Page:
What parents need to know
Parents Need to Know
Parents need to know that Arbitrage -- a grown-up thriller set in the world of high finance -- will likely be of more interest to parents than to most teens. There's one major violent scene (a car crash with a dead body and blood), as well as some threatening and arguing. Language is fairly strong, with about a dozen uses of "f--k" and a few uses of the "N" word. The main character (played by Richard Gere) has an extramarital affair and is seen kissing and having implied sex with his mistress. The mistress is shown snorting cocaine at one point. Adult characters drink scotch and wine at social gatherings; some characters smoke cigarettes.
What's the story?
Hedge fund tycoon Robert Miller (Richard Gere) has made some bad deals and is secretly trying to sell his company before it goes under. He desperately doesn't want his wife (Susan Sarandon) or his daughter, Brooke (Brit Marling) -- who works for him -- knowing about the trouble. After work, he goes to see his mistress (Laetitia Casta), who dies in a horrible car crash when Robert falls asleep at the wheel. He decides to leave the scene, hoping to avoid any more negative attention. But a relentless police detective (Tim Roth) has Miller pegged and seems determined to try anything to get a conviction. Meanwhile, Miller's entire defense hinges on a young man named Jimmy (Nate Parker), who has yet another secret connection to Miller.
Is it any good?
Writer/director Nicholas Jarecki makes his feature debut with this refreshing movie, a combination of intelligent, grown-up writing and entertaining, audience-pleasing filmmaking. ARBITRAGE focuses on well-drawn, mature characters making emotionally truthful decisions, but at the same time, they face some very tense, larger-than-life situations. Oddly, most of the scenes are built around character interactions; there are only a handful of "thrill" moments.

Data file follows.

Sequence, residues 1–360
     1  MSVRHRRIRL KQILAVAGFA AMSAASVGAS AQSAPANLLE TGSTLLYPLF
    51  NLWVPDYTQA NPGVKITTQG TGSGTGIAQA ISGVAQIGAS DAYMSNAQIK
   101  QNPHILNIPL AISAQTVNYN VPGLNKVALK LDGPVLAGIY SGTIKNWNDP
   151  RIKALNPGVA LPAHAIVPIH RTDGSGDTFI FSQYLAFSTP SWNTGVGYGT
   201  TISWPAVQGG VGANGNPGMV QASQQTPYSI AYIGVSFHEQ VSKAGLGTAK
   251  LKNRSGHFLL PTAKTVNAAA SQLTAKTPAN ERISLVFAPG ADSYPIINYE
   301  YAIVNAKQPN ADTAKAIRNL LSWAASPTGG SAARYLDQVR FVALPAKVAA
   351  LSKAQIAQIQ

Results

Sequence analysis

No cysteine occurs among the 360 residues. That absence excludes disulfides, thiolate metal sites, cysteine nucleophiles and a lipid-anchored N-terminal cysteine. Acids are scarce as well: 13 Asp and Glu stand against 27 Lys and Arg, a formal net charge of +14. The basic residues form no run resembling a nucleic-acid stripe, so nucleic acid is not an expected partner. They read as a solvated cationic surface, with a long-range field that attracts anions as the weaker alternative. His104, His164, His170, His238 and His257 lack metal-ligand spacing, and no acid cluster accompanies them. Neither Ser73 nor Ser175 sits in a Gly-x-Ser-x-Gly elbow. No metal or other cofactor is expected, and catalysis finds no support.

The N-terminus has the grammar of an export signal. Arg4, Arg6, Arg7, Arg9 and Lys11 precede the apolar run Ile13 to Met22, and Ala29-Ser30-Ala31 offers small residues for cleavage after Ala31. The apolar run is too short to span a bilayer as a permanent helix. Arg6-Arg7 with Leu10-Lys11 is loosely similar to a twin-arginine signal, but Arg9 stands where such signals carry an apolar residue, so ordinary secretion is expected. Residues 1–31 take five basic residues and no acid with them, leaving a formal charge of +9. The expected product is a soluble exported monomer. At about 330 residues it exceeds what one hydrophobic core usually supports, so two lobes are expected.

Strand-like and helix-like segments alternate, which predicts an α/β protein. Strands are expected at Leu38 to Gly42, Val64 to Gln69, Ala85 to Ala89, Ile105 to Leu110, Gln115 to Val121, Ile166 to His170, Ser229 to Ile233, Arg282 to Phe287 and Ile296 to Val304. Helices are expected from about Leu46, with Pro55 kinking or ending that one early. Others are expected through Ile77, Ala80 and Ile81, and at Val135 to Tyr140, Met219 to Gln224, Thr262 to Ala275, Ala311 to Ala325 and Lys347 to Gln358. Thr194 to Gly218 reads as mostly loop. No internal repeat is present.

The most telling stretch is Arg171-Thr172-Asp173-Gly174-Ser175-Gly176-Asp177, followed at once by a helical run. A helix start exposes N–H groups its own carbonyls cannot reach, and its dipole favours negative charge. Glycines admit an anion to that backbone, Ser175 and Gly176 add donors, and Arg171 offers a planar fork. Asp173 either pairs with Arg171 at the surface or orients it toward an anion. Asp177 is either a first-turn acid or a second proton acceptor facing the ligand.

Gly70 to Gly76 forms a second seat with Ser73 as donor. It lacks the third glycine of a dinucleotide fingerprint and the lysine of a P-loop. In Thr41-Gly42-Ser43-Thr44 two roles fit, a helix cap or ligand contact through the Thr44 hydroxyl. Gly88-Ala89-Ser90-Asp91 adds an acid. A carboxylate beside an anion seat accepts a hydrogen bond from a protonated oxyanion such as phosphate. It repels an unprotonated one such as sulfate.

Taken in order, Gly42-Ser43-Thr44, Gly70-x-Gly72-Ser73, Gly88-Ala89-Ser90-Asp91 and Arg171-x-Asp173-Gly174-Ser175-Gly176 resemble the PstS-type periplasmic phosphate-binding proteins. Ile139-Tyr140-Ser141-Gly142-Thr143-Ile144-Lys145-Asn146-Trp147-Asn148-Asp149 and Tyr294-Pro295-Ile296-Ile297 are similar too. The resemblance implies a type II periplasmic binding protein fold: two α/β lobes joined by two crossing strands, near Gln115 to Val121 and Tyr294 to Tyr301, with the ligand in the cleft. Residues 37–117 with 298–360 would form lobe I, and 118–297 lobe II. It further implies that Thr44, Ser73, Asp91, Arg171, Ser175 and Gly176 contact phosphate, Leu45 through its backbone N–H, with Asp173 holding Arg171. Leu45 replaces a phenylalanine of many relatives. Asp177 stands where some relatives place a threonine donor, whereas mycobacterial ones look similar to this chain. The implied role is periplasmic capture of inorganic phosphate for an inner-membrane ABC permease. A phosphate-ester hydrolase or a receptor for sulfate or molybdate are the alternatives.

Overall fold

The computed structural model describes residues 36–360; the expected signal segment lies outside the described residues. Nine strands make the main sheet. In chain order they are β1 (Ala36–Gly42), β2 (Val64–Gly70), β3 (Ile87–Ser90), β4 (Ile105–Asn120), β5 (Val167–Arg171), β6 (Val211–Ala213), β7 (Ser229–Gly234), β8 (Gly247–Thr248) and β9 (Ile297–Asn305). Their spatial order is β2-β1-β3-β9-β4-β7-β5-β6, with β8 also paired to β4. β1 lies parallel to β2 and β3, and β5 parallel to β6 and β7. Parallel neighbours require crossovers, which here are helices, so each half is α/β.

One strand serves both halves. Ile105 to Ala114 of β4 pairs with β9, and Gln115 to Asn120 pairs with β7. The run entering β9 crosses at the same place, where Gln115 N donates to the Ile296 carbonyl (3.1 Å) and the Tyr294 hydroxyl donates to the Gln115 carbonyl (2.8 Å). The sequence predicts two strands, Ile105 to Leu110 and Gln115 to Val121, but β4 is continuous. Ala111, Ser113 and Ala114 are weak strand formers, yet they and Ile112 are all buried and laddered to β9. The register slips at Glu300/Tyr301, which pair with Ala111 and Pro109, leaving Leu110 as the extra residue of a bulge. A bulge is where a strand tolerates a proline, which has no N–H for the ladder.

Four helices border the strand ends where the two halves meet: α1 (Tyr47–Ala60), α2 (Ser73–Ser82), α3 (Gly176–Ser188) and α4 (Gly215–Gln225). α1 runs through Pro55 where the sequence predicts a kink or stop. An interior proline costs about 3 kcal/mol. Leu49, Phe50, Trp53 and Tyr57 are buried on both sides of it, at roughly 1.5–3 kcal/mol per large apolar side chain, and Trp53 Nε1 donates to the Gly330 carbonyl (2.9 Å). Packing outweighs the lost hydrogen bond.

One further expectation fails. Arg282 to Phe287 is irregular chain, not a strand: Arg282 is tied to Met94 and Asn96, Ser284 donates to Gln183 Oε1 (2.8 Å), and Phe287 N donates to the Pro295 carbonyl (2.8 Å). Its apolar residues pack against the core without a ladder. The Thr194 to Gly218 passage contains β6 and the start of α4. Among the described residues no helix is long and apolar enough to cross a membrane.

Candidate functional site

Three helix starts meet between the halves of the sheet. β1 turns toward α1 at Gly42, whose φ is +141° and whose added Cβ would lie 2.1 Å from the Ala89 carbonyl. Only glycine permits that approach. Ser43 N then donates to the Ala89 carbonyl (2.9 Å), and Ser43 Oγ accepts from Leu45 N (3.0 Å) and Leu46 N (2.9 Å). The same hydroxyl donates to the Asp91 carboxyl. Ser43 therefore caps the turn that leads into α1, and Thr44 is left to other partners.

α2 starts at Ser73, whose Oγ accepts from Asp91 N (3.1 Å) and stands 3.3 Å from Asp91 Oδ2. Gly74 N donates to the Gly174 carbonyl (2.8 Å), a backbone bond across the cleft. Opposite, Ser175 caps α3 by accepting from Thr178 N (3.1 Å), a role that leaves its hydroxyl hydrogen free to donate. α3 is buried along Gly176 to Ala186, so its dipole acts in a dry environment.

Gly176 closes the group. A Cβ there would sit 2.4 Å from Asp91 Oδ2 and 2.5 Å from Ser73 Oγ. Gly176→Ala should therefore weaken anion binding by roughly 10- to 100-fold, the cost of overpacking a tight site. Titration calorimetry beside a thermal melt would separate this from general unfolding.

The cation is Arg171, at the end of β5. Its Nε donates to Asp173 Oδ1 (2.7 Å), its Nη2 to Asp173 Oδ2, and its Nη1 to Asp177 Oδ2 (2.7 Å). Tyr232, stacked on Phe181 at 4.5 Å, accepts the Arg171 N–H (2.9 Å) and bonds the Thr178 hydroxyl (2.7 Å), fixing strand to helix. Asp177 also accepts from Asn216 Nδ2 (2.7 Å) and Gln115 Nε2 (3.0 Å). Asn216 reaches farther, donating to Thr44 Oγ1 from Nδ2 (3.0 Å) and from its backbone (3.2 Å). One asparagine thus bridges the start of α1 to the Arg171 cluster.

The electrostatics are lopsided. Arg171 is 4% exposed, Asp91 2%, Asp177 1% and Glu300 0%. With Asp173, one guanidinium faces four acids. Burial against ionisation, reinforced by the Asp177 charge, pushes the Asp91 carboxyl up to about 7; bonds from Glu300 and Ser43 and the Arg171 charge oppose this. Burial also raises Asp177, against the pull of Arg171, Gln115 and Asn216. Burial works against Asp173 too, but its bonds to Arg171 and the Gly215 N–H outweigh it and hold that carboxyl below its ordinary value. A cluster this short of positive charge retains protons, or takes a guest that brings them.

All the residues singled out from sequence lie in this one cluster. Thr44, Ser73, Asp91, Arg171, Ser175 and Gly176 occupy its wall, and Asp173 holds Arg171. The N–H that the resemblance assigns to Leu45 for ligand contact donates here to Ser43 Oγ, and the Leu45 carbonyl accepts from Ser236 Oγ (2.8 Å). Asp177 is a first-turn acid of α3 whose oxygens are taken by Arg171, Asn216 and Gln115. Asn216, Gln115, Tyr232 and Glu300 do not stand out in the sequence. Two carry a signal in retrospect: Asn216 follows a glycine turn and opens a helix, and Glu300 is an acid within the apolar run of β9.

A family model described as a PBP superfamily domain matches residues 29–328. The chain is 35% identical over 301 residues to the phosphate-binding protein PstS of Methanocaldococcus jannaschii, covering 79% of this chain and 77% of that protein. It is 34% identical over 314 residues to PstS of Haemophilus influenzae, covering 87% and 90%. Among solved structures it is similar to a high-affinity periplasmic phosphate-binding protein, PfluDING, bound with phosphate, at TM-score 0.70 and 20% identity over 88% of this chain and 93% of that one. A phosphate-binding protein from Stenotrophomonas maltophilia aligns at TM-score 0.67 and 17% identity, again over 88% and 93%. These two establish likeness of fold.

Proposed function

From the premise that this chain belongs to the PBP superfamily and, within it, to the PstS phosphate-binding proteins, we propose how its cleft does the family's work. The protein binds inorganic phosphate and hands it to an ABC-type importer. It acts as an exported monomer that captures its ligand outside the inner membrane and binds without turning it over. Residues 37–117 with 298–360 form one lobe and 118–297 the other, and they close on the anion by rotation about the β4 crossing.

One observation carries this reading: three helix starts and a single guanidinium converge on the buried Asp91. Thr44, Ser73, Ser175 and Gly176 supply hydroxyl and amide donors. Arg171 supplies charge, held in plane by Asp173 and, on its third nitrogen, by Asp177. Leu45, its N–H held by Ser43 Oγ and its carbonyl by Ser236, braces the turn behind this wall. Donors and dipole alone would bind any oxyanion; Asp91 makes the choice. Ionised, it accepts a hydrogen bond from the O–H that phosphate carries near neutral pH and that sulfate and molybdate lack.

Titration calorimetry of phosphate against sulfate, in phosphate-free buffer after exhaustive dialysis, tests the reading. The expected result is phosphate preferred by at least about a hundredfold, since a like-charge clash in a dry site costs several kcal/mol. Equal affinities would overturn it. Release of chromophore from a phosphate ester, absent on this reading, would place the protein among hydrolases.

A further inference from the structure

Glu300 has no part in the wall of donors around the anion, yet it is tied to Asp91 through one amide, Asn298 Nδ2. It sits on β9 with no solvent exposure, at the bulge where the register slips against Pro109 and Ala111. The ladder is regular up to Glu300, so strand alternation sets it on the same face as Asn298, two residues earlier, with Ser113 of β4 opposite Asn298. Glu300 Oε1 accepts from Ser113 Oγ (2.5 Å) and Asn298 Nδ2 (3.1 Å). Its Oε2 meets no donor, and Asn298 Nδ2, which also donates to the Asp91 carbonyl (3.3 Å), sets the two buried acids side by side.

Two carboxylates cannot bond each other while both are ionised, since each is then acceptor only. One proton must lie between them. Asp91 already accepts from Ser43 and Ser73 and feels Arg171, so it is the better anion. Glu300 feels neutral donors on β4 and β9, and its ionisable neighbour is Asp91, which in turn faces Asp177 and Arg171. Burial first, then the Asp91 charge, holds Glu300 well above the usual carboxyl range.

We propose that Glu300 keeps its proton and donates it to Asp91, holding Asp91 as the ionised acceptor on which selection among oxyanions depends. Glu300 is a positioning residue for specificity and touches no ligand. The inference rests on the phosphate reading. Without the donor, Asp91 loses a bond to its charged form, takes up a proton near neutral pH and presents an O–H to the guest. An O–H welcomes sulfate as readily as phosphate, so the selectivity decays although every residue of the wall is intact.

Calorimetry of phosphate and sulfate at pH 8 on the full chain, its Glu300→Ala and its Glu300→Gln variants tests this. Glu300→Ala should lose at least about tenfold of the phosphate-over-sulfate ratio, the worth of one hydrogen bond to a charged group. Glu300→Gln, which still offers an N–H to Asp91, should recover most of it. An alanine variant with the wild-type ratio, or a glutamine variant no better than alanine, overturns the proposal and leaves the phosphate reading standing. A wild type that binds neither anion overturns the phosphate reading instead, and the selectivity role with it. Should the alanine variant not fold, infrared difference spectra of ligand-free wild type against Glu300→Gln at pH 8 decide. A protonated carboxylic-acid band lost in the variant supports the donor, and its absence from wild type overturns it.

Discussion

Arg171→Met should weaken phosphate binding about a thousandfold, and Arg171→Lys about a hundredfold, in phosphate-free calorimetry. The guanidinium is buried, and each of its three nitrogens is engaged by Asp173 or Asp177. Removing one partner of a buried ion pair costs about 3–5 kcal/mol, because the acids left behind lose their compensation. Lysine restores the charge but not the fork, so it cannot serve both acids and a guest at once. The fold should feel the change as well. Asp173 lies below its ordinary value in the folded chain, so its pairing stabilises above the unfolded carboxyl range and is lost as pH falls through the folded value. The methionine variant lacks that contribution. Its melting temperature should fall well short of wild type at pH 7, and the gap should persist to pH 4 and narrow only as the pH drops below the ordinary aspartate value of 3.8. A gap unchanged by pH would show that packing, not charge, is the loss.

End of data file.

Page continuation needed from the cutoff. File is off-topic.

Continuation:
This allows for very intense, focused performances, especially by Gere as the tormented lead, but also by Sarandon as his wise wife. Up-and-comer Marling has a few powerful scenes with Gere, challenging his authority, and Roth is relentless and ferocious as the detective. The movie's main drawback, however, is that it feels like it could have gone further in either direction; it might have benefited from either more depth or more thrills.
Families can talk about...
Families can talk about Arbitrage's violent events. Which feels more intense -- the car crash sequence or the scenes in which Detective Bryer confronts the main character? Why?
Is Robert Miller right to hide his activities and problems from his family? Could they have helped? Should families tell each other everything?
Are there any role models in this movie? Why would we root for Robert Miller when he's made so many bad choices?
What does this movie have to say about the current financial crisis?
|Theatrical release date:||September 14, 2012|
|DVD/Streaming release date:||December 21, 2012|
|Cast:||Brit Marling, Richard Gere, Susan Sarandon, Tim Roth|
|Run time:||100 minutes|
|MPAA explanation:||language, brief violent images and drug use|